Event Recap: Teaching and Learning with New Majority Students: Lessons Learned from the CUNY Humanities Alliance

Notes | Photos | Video (forthcoming) | #fight4edu

On Thursday, May 3, 2018, the Futures Initiative hosted a roundtable discussion on Teaching and Learning with New Majority Students: Lessons Learned from the CUNY Humanities Alliance, the final event of this year’s Thursday Dialogues series. The event brought together colleagues from departments and programs across the GC, including the Futures Initiative, the Teaching and Learning Center, and the CUNY Humanities Alliance, as well as attendees from other institutions in New York City and beyond. The event was livestreamed, and a full video (with captions) will be posted here soon. In the meantime,  read through the collaborative notes for more details.

Katina Rogers (Director of Programs and Administration, The Futures Initiative) welcomed the audience to the event and introduced the series and the next two speakers. First up was Kaysi Holman (Director of Programs and Administration, CUNY Humanities Alliance), who described the CUNY Humanities Alliance’s mission and provided an overview of the program.

Next, as the organizer of this roundtable and its moderator, I (Kitana Ananda, Mellon Postdoctoral Fellow with the CUNY Humanities Alliance and The Futures Initiative) introduced the event with some remarks stating why teaching the humanities in community colleges matters.

The next hour and a half was dedicated to a wide-ranging discussion with our panel of remarkable Mellon Graduate Teaching Fellows who are currently teaching at LaGuardia Community CollegeKahdeidra Monét Martin (Urban Education), Micheal Angelo Rumore (English), Jacob Sachs-Mishalanie (Music), Inés Vañó García (Latin American, Iberian and Latino Cultures) and Alison Walls (Theatre).

CUNY Humanities Alliance "Teaching and Learning with New Majority Students" roundtable, May 3, 2018
Roundtable (from left to right): Kitana Ananda (moderator), Jacob Sachs-Mishalanie, Micheal Rumore, Alison Walls, Inés Vañó García, Kahdeidra Monét Martin

In their dual roles as graduate students and teachers who circulate between multiple institutions at CUNY, our doctoral students embody the Humanities Alliance’s mission and aspirations in their teaching and mentorship, research, and public writing. During this roundtable, the Fellows discussed everything from the ethical and socio-political underpinnings of their scholarship and teaching in the humanities at LaGuardia to very concrete and practical strategies for student learning. They each spoke thoughtfully with humility and insight about the value of teaching and learning in the humanities; their teaching experiences with and strategies to support ‘new majority’ students at LaGuardia Community College, at other two-year colleges, and elsewhere in the CUNY system; how they approach the challenges their students face and assumptions about community colleges; whether and how teaching at LaGuardia has shaped their positionality as scholars; and the broad lessons of this program for (American) higher education today.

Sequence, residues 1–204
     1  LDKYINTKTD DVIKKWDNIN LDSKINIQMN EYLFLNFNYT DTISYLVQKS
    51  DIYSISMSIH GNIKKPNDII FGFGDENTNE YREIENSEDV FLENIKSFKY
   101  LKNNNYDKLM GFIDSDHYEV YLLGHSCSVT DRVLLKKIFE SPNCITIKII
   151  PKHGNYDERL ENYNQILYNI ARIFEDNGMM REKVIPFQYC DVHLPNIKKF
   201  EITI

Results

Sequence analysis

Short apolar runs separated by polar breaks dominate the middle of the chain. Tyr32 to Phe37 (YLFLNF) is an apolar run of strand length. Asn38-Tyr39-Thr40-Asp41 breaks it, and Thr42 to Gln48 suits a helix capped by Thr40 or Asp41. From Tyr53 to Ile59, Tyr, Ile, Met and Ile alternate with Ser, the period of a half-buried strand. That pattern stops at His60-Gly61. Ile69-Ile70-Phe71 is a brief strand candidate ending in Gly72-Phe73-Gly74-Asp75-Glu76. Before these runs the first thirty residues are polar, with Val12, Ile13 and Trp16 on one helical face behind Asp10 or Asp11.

In the course of our conversation, I opened the discussion to audience questions and comments, of which there were many.

Audience member asking a question

Here is a quick sample of audience questions (edited for concision and clarity):

  • Are there specific strategies or methods that you use to get to know your students better, to get them to bring themselves into the classroom?
  • Is your teaching at LaGuardia or other kinds of colleges influencing your research? 
  • I’m interested in is how we transform social relationships. What advice or pedagogical tinkerings do you have for teaching how to not only educate “the whole person,” but to cultivate another form of personhood?
  • You have faculty mentors at LaGuardia, and you have a cohort structure. What do you think about that mentorship, and what it can do?
  • What advice would you give to a new fellow of the program?
  • If and when your students go to a four-year college, will they major in the humanities? How can our students think about the humanities as being vocationally valuable?

Audience member asking a question

The discussion was so generative that it reminded me of what I love about learner-centered teaching and working with students, from community college to graduate school. It was the perfect cap to my postdoctoral work with the Futures Initiative and the CUNY Humanities Alliance, and a lovely culmination of the Alliance’s second year.

Photo of the CUNY Humanities Alliance at "Teaching and Learning with New Majority Students," May 3, 2018
A group photo from the CUNY Humanities Alliance May 3 Thursday Dialogue (from left to right): Kitana Ananda, Kaysi Holman, Jacob Sachs-Mishalanie, Inés Vañó García, Alison Walls, Micheal Rumore, and Kahdeidra Monét Martin


A final note of gratitude: I would like to end this recap with my deepest thanks to everyone who participated in this discussion, and especially to Alison, Inés, Jake, Kahdeidra, and Mikey for sharing their experiences, insights and ideas with us. I also wish to thank Katina Rogers, Celi Cuello Lebron, Lauren Melendez and Kaysi Holman for the administration and logistics that made this event possible, Jessica Murray for designing our beautiful event flyer, and Frances Tran, Jenn Polish and Mike Rifino for their help with publicizing this event. Thank you to Allison Guess for taking the lead on collaborative notes, Christina Katopodis for taking photos during the event, and Kalle Westerling for tweeting in real time.


The Futures Initiative
The Graduate Center, CUNY
365 Fifth Avenue
New York, NY 10016-4309